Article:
Thursday, January 06, 2011

The Adoration of the Magi

Emil Nolde 1867 - 1956
Die Heiligen Drei Konige (The Three Magi) (Types) 1912
Oil on canvas
51.5 by 42.5 cm
Private collection

The Feast of the Epiphany was one of several biblical subjects that fascinated Nolde who during the time the painting was executed was breaking with the Berlin Sezession artists and moving towards the Der Blaue Reiter group.

The magi ('wise men') were traditionally astrologers of the Persian court and priests of the cult of Mithras, but were later redefined as kings, based on a similar story of royal gift-giving in the Old Testament (Psalms 72:10).

In the early Middle Ages (by about 750), they were given names, Caspar, Melchior and Balthasar, and were said to come from the kingdoms of Tarshish, Sheba and Seba (Seba was thought to be an ancient name for Ethiopia).

From about the 15th century, Balthazar, the black magus/king associated with Ethiopia became a familiar figure in European images of the Adoration of Christ at his birth.

From the fourteenth century, it was customary to differentiate the Magi between their ages, representing one as youthful, one as middle aged, and one as elderly.

From the fifteenth century, especially in German and the Netherlands, one was frequently portrayed as a moor.

Thus, they implicitly acquired the persona of the three Ages of Man and the three Continents of Asia, Europe and Africa. (G. Schiller, Iconography of Christian Art, vol. 1, London 1971, pp.94-114).

The Directory of Popular Piety and the Liturgy describes some of the popular pieties for today;

"Solemnity of the Lord's Epiphany

118. Many traditions and genuine manifestations of popular piety have been developed in relation to the Solemnity of the Lord's Epiphany, which is of ancient origin and rich in spiritual content. Among such forms of popular piety, mention may be made of :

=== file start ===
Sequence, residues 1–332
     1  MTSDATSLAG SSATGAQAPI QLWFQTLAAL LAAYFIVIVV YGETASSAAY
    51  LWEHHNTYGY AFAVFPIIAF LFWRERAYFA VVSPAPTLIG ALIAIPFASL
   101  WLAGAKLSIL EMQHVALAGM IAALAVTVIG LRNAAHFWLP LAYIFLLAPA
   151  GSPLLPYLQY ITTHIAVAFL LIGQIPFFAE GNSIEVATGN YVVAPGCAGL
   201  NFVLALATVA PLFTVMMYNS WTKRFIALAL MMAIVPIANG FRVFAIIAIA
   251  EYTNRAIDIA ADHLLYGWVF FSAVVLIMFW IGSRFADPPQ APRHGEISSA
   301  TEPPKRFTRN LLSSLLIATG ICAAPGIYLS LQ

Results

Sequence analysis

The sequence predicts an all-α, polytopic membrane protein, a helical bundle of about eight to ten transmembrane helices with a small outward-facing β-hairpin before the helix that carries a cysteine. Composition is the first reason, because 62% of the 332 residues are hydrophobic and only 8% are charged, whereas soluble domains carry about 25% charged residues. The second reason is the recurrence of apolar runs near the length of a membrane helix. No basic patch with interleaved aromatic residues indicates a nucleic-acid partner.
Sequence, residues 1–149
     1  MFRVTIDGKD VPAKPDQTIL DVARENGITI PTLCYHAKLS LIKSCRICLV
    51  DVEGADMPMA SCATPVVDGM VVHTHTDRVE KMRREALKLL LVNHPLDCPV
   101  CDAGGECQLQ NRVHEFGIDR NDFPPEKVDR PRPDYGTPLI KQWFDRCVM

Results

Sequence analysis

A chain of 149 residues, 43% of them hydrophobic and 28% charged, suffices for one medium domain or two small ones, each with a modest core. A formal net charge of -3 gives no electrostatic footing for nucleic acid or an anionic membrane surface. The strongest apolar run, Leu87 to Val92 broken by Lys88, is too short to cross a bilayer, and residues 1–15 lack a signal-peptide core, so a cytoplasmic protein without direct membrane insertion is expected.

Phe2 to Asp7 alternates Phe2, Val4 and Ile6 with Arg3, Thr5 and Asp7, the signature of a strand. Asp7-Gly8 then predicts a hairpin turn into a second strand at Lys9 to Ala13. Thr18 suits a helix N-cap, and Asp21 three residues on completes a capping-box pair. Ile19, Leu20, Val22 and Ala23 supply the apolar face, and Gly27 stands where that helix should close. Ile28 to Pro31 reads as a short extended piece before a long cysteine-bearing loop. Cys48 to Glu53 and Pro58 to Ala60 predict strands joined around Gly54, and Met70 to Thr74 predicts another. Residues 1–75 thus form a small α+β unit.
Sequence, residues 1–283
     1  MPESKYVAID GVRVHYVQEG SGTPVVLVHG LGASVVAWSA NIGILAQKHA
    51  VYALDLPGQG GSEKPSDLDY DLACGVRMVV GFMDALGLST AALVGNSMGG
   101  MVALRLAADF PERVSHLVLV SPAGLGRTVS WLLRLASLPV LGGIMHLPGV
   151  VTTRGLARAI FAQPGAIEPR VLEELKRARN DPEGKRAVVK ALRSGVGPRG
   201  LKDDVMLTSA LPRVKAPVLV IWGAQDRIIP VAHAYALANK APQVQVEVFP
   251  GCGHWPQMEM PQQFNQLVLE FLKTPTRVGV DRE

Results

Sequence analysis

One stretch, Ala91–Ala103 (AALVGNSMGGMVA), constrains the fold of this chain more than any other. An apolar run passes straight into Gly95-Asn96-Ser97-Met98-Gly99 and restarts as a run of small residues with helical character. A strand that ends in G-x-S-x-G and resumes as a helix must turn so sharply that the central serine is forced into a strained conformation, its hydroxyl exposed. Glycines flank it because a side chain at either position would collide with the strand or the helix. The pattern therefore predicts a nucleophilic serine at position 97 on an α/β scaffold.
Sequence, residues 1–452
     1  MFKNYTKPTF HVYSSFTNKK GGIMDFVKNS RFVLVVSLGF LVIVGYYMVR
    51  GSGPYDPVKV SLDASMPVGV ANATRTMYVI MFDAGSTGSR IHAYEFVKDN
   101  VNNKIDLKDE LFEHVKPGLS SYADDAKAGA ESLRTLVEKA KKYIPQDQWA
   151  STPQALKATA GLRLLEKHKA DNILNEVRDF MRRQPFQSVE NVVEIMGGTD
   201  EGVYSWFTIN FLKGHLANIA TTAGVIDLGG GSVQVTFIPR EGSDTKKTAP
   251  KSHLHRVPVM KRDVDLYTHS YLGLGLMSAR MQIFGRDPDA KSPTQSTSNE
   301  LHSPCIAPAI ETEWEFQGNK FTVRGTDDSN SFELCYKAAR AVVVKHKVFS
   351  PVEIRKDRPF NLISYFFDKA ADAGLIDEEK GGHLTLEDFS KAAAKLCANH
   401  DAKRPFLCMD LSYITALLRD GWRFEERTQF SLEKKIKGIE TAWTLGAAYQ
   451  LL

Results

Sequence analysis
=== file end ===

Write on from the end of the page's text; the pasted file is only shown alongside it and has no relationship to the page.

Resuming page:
the solemn proclamation of Easter and the principal dominical feasts; its revival in many places would be opportune since it served to make the connection between the Epiphany and Easter, and orientate all feasts towards the greatest Christian solemnity;

the exchange of "Epiphany gifts", which derives from the gifts offered to Jesus by the three kings (cf. Mt 2,11) and more radically from the gift made to mankind by God in the birth of Emmanuel amongst us (cf. Is 7, 14; 9, 16; Mt 1, 23). It is important, however, to ensure that the exchange of gifts on the solemnity of the Epiphany retain a Christian character, indicating that its meaning is evangelical: hence the gifts offered should be a genuine expression of popular piety and free from extravagance, luxury, and waste, all of which are extraneous to the Christian origins of this practice;

the blessing of homes, on whose lentils are inscribed the Cross of salvation, together with the indication of the year and the initials of the three wise men (C+M+B), which can also be interpreted to mean Christus mansionem benedicat, written in blessed chalk; this custom, often accompanied by processions of children accompanied by their parents, expresses the blessing of Christ through the intercession of the three wise men and is an occasion for gathering offerings for charitable and missionary purposes;

initiatives in solidarity with those who come from afar; whether Christian or not, popular piety has encouraged a sense of solidarity and openness;

assistance to the work of evangelisation; the strong missionary character of the Epiphany has been well understood by popular piety and many initiatives in support of the missions flourish on 6 January, especially the "Missionary work of the Holy Child", promoted by the Apostolic See;

the assignation of Patrons; in many religious communities and confraternities, patron saints are assigned to the members for the coming year."